- 23 million: If the ACA is repealed, it has been estimated that about 23 million people will lose health insurance coverage. That will lead to tough or impossible choices for many: Risk financial disaster to pay for healthcare or go without and risk a shorter life. While the ACA has indeed introduced some new costs to the federal budget, it has also ushered in some greater financial efficiencies while covering millions of Americans. Also, according to Kaiser: "Medicare spending would rise primarily as a result of repealing the ACA's reductions to payments to providers and Medicare Advantage plans. An increase in Medicare spending would likely lead to higher premiums, deductibles, and cost sharing for beneficiaries, and would accelerate the projected insolvency date of the Medicare Hospital Insurance trust fund."
Making the most of Medicare
Despite all that turmoil and uncertainty about what Medicare will look like in the future, it's still with us, and making the most of it can save you money and boost your health.
- $0: That's how much you pay out of pocket for an annual wellness visit with your doctor, through Medicare. It's also how much you pay when you get certain screenings, such as mammograms, colonoscopies, diabetes screenings, and many more.
- 5: Medicare has a five-star rating system for services and facilities such as hospitals, dialysis centers, Medicare Advantage plans, nursing homes, and more. A five-star rating is the best you can get, but as of July, when 3,617 hospitals were rated, only 102 earned all five stars. For 2017, about 49% of Medicare Advantage plans with prescription drug coverage were rated with four or five stars -- covering about 68% of enrollees. The rating system for hospitals takes into account measures such as the rate of post-surgical infections and emergency room wait times. Medicare Advantage plans are evaluated on measures such as how well they're keeping their members healthy (with screenings, checkups, and more), how well they're managing members' chronic conditions, and how good their customer service is. You'll find the star ratings of plans available to you by using the Medicare Plan Finder at the Medicare website.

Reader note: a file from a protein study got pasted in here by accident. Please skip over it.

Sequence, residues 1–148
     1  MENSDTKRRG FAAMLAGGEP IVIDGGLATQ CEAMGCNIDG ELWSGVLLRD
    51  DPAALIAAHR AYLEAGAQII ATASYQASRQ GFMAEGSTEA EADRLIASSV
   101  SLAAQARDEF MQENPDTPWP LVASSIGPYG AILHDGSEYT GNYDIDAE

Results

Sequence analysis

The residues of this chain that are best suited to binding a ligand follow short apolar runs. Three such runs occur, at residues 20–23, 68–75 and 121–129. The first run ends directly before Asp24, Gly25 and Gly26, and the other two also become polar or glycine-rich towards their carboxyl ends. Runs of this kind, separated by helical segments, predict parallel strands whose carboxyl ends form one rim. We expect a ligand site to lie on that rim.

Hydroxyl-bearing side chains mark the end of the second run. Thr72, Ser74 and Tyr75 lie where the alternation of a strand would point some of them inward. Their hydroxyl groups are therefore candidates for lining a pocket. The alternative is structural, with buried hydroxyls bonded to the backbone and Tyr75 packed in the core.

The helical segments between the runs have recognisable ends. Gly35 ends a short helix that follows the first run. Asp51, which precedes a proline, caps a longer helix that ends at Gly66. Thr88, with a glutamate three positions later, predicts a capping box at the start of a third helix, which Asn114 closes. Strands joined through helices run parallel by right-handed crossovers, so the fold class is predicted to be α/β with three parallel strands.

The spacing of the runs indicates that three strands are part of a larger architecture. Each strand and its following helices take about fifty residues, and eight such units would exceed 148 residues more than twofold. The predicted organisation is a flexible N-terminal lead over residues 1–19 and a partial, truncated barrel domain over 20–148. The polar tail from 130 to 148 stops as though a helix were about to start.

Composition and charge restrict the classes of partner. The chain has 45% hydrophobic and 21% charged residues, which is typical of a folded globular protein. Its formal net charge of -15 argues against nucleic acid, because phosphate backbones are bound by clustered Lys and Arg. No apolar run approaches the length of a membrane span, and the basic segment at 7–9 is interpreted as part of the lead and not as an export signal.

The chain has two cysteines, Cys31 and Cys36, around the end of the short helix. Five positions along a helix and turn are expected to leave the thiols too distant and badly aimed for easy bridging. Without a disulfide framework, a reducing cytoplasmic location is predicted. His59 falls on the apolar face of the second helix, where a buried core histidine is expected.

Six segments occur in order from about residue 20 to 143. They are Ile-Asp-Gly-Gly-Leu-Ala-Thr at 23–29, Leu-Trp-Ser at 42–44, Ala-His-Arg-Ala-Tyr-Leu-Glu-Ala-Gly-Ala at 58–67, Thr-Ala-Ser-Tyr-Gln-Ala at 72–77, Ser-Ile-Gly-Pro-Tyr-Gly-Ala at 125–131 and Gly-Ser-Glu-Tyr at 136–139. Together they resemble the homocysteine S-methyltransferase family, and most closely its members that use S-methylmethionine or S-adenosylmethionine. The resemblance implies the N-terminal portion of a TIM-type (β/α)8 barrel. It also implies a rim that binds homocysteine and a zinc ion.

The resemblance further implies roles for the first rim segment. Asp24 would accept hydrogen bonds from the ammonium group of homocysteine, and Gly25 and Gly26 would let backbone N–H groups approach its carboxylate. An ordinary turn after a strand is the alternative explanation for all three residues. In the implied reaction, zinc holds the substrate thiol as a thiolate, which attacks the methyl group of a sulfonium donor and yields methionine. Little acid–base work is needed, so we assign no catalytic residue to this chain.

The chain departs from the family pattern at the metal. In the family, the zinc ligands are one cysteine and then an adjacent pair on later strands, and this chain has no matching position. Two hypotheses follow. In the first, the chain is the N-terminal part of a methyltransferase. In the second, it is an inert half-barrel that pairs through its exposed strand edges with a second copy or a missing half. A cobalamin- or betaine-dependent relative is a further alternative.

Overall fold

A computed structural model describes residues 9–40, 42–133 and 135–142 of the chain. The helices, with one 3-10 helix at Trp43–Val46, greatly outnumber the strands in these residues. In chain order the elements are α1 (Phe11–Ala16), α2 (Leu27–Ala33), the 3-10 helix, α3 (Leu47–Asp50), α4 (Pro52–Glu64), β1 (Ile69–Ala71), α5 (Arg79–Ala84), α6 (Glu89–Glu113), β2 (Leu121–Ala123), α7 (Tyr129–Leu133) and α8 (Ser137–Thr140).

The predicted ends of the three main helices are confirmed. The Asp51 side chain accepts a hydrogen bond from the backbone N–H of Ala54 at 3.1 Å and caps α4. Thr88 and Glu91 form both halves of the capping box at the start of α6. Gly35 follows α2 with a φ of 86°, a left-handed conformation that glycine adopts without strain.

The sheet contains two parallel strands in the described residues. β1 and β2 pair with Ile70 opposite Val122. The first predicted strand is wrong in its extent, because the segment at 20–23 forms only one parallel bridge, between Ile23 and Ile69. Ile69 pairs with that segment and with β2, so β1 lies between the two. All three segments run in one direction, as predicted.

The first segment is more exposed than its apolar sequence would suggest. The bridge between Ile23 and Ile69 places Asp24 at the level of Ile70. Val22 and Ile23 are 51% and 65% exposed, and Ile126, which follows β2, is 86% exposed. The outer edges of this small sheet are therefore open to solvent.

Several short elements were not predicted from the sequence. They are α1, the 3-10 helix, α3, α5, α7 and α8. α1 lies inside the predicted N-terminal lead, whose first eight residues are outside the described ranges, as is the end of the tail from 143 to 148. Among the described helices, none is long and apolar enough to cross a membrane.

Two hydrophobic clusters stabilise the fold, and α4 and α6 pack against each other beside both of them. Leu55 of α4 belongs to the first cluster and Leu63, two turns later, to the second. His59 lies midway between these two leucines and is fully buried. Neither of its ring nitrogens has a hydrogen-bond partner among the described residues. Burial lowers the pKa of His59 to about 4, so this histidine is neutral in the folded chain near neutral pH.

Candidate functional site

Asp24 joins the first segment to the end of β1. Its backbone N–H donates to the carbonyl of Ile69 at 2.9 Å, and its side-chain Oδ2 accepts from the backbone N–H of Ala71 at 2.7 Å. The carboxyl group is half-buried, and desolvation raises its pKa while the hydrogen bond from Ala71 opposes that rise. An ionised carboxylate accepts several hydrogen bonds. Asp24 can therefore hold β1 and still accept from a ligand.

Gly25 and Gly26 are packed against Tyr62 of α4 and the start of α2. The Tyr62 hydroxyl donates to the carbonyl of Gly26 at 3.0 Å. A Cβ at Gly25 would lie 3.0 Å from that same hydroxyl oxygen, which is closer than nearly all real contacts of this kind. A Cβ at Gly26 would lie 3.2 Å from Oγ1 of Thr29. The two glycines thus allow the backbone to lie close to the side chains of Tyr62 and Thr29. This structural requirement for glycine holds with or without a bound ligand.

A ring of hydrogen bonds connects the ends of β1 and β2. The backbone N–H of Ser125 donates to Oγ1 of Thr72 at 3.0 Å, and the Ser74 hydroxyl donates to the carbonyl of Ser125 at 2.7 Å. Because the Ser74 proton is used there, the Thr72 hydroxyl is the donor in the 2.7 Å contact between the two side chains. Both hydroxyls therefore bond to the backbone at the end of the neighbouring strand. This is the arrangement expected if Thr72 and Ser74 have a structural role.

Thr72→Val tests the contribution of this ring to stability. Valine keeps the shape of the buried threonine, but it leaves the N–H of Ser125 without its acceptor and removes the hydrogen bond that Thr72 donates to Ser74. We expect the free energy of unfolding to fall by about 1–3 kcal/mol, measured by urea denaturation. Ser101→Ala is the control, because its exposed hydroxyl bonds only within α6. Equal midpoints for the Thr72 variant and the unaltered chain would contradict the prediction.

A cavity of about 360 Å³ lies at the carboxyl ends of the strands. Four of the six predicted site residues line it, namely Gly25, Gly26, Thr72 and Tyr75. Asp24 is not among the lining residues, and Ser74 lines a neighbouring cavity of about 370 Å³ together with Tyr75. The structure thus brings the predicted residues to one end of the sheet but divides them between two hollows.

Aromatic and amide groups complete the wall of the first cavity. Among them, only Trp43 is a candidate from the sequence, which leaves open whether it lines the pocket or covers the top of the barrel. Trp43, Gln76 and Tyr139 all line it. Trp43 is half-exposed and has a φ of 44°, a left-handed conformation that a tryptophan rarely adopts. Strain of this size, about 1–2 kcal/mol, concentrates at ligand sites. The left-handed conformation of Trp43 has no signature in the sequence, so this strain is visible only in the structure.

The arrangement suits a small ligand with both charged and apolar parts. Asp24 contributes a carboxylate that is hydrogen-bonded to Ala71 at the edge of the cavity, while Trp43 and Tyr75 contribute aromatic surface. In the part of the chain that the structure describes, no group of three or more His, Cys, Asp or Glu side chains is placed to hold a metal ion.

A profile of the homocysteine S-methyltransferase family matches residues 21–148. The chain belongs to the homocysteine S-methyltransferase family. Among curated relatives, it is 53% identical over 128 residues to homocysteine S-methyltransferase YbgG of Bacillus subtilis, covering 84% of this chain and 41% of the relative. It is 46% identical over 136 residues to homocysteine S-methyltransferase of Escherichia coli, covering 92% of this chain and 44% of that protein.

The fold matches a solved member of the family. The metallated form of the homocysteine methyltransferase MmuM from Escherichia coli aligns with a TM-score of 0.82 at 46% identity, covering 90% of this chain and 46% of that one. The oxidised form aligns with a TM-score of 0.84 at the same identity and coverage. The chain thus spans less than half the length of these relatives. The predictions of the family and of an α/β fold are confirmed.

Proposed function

Most of us will probably be enrolled in Medicare at some point in our lives, so it's smart to learn more about it to make the most of it. Making the most of Medicare can save you a lot of money over the course of your life, and it might even extend your life, too.